Investors Flood Municipal Bond Market Despite Coronavirus Resurgence

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The struggling municipal bond market has not seen a shortage of buyers amid the recent coronavirus resurgence.

The struggling municipal bond market has not seen a shortage of buyers amid the recent coronavirus resurgence, according to the Wall Street Journal.

On Wednesday, on the verge of default, the US Virgin Islands Water and Power Authority were able to postpone a $34 million payment to Nuveen LLC. Analysts are looking deeper into municipalities that have a higher risk of default, and the results aren’t promising for investors.

In May and July, a combined 20 municipal borrowers defaulted. Municipal borrowers are struggling to make payments amid historic unemployment numbers that have contributed to a massive decrease in taxes and other sources of revenue.

Even with the obvious struggles the $4 trillion municipal bond market is facing, many investors see opportunity. These investors want to avoid volatile stock markets and provide their portfolios with stability. Municipal bonds sold off heavily in March when the US first shut down. However, investors have injected $11 million back into the bonds market since mid-May.

Dan Genter, chief executive of Los Angeles-based RNC Genter, said many clients have requested higher bond allocations to avoid volatility in the stock market. He warned that investors should be cautious when choosing which municipal bonds to invest in, carefully analyzing their financials and solvency. “The fire alarm has sounded, and people really need to go look at their bond portfolios,” Mr. Genter said.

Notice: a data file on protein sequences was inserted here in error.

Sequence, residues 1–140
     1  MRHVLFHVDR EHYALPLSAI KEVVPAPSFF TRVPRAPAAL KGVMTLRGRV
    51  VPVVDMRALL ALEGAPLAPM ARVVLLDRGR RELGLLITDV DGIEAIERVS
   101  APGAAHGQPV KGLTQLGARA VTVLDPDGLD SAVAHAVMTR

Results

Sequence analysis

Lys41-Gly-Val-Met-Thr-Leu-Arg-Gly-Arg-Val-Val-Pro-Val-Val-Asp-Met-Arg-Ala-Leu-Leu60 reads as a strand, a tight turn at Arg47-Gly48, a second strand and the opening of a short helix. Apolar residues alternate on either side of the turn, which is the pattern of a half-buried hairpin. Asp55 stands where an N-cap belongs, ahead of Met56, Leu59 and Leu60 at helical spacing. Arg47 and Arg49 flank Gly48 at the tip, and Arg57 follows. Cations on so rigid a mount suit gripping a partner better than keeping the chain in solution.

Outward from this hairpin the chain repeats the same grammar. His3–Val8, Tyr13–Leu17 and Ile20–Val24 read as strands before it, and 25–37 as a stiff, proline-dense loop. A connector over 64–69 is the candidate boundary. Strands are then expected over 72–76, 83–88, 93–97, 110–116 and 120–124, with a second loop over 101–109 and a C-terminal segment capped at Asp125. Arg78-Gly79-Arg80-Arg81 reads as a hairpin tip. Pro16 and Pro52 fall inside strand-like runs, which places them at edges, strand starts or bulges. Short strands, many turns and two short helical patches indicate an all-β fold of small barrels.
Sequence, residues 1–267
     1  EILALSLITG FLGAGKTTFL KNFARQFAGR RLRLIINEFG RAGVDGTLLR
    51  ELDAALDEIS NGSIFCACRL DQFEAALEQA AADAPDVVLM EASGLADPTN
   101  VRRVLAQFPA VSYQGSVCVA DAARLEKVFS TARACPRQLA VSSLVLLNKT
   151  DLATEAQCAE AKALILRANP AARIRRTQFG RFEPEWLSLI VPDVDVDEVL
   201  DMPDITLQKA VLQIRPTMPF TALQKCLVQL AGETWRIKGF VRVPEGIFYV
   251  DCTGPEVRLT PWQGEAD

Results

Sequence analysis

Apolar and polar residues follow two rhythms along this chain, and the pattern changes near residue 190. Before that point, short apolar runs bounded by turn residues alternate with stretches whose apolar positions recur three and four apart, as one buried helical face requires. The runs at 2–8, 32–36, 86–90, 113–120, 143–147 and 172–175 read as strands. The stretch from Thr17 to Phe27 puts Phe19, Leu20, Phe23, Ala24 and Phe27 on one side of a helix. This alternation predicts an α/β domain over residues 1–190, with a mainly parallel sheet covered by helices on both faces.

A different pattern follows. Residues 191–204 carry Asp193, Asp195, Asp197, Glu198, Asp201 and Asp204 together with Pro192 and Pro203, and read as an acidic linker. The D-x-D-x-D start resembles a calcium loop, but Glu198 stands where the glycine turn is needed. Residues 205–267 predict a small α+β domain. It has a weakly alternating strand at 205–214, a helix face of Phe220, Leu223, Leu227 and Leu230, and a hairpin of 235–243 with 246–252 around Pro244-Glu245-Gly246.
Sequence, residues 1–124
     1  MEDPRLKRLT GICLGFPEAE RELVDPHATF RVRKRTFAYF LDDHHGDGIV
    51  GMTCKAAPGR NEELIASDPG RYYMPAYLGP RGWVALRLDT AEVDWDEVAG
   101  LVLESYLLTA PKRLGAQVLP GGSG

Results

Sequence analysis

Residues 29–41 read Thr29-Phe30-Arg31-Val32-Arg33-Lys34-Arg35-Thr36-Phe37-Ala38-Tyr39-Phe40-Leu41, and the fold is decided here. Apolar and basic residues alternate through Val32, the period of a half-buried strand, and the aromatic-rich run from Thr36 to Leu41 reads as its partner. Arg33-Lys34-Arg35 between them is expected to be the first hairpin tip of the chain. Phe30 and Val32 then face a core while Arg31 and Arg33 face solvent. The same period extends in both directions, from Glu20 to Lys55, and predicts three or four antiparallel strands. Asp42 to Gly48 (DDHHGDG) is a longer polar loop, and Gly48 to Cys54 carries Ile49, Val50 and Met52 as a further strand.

Cities that rake in revenue from tourism are under immense pressure. According to surveys conducted by the National League of Cities and US Conference of Mayors, 90 percent of cities are projecting budget shortfalls.

Congress has yet to approve any aid to help mitigate the effects of the pandemic for cities and states with massive revenue losses. However, Mikhail Foux, head of municipal strategy at Barclays, said the recent resurgence of the virus could force Congress to approve more aid, ultimately helping the municipal market. “The negative might actually become a positive,” he said.

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